Chapter 2 - Cell Membranes

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Cell Membranes

Every living cell is surrounded by a cell membrane. It is called the plasma membrane or cell surface membrane.

Majority of cells have membranes. Nucleus, Mitochondria and Chloroplasts have two membranes making up an envelope.

They are partially permeable, and can control what enters and leaves.

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Membranes Function

Membrane are partially permeable controlling what can pass through them. - Plasma membrane allows small or uncharged particles through it. Protein channels and transporters control the passage of larger or charged particles.

Membranes produce different compartments inside cells. - Mitochondria are surrounded by two membranes, which isolate the reactions taking place inside from reaction taking place in the cytoplasm

Membranes are important in cell signalling. - A substance produced by one cell docks into a receptor in the plasma membrane of another, causing something to happen.

Membranes can allow electrical signals to pass along them. - The membrane of the axon of a motor neurone transmits action potentials from the central nervous system to a muscle

Membranes provide attatchment sites for enzymes and other molecules involved in metabolism. - The inner membrane of a chloroplast contains molecules needed for the production of ATP. The inner membrane of a chloroplast contains chlorophyll needed for photosynthesis.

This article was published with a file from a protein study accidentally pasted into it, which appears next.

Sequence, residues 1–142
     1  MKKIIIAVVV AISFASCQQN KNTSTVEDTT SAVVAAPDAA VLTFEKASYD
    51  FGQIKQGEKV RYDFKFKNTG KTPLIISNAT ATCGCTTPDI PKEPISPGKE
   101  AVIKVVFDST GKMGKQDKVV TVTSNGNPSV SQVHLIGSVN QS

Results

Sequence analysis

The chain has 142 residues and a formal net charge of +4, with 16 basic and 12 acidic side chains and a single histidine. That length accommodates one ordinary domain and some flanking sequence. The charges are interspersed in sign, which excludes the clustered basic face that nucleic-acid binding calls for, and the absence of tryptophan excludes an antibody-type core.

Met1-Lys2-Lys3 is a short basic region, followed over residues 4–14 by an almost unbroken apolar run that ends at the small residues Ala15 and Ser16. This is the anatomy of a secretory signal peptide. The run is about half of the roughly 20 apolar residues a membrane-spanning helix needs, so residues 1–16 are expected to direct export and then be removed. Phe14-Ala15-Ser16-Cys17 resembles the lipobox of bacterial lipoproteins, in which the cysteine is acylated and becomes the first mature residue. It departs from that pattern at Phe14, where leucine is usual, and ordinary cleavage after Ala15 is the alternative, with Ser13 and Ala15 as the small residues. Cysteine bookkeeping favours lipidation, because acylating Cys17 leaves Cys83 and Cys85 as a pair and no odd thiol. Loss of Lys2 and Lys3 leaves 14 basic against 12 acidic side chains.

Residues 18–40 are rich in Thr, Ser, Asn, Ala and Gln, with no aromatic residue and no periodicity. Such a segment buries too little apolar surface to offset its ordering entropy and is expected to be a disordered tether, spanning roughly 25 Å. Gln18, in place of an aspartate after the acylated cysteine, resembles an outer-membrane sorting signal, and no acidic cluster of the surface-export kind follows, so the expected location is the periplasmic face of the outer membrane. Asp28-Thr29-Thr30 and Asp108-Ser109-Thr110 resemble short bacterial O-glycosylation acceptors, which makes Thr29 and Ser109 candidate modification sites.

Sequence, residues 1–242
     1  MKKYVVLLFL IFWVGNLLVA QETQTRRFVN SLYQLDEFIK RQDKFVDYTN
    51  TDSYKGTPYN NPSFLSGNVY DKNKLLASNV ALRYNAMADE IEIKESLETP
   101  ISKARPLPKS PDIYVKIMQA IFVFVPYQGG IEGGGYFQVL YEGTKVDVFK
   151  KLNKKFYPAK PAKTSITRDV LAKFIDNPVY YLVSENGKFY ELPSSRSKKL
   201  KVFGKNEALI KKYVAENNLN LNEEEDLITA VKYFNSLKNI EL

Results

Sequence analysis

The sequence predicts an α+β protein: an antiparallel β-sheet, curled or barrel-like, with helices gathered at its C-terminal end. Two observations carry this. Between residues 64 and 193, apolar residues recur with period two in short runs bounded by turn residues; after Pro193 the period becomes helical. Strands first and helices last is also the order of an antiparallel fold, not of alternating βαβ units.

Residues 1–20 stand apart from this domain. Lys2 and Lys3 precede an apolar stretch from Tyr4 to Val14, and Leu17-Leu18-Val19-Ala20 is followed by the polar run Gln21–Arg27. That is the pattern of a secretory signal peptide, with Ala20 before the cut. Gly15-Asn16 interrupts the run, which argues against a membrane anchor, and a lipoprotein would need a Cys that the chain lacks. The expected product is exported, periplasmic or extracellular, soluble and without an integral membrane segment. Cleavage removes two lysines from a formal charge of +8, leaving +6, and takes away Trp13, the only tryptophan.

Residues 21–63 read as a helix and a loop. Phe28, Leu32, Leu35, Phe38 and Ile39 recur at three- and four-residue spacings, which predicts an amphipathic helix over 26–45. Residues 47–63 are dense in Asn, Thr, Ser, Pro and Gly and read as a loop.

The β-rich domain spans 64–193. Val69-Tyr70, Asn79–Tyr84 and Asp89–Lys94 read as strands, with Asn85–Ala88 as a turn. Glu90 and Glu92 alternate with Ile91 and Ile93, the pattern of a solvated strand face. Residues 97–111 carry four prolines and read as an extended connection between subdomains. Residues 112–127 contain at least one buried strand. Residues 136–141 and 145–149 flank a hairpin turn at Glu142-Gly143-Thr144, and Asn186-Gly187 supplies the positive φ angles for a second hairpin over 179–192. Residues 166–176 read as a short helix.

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Structure of Cell Membranes

between 7nm and 10nm thick

Formed by a phospholipid bilayer.
Heads (Hydrophillic) have a tiny charge attracting them to water and the tails (Hydrophobic) are repelled from water molecules.


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Phospholipid Bi-layer

Cytoplasm inside a cell contains a lot of water. So does the fluid outside the cells

The hydrophillic heads are attracted to the water inside the cytoplasm. The heads are also attracted to the fluid outside of the cell.
The tails are repelled creating a bilayer.


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Phospholipid Bi-layer


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Components and their roles

Phospholipid - forms bilayer, which is basis of membrane, all components embedded into it
provides a barrier to water-soluble (hydrophillic) substances such as charged ions 

Cholesterol - helps maintain the fluidity of membrane preventing it from becoming to stiff or fluid